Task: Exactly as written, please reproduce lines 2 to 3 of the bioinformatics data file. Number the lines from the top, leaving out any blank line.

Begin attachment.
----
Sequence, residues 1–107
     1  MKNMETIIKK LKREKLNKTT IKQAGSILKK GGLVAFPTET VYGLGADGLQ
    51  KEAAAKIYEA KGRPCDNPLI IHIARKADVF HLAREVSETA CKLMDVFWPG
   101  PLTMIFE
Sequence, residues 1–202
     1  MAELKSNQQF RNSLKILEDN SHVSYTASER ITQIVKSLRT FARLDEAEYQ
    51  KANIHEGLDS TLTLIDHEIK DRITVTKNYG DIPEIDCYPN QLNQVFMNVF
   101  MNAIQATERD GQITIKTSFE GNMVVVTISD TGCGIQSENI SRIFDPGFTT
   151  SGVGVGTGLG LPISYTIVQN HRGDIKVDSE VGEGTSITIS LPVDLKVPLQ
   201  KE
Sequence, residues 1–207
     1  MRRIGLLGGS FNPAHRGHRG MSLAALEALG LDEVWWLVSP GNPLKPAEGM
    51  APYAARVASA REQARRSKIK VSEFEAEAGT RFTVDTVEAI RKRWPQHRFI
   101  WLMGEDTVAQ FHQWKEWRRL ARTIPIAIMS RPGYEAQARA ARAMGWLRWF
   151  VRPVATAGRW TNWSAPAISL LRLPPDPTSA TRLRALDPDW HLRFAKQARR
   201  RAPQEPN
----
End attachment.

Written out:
     1  MKNMETIIKK LKREKLNKTT IKQAGSILKK GGLVAFPTET VYGLGADGLQ
    51  KEAAAKIYEA KGRPCDNPLI IHIARKADVF HLAREVSETA CKLMDVFWPG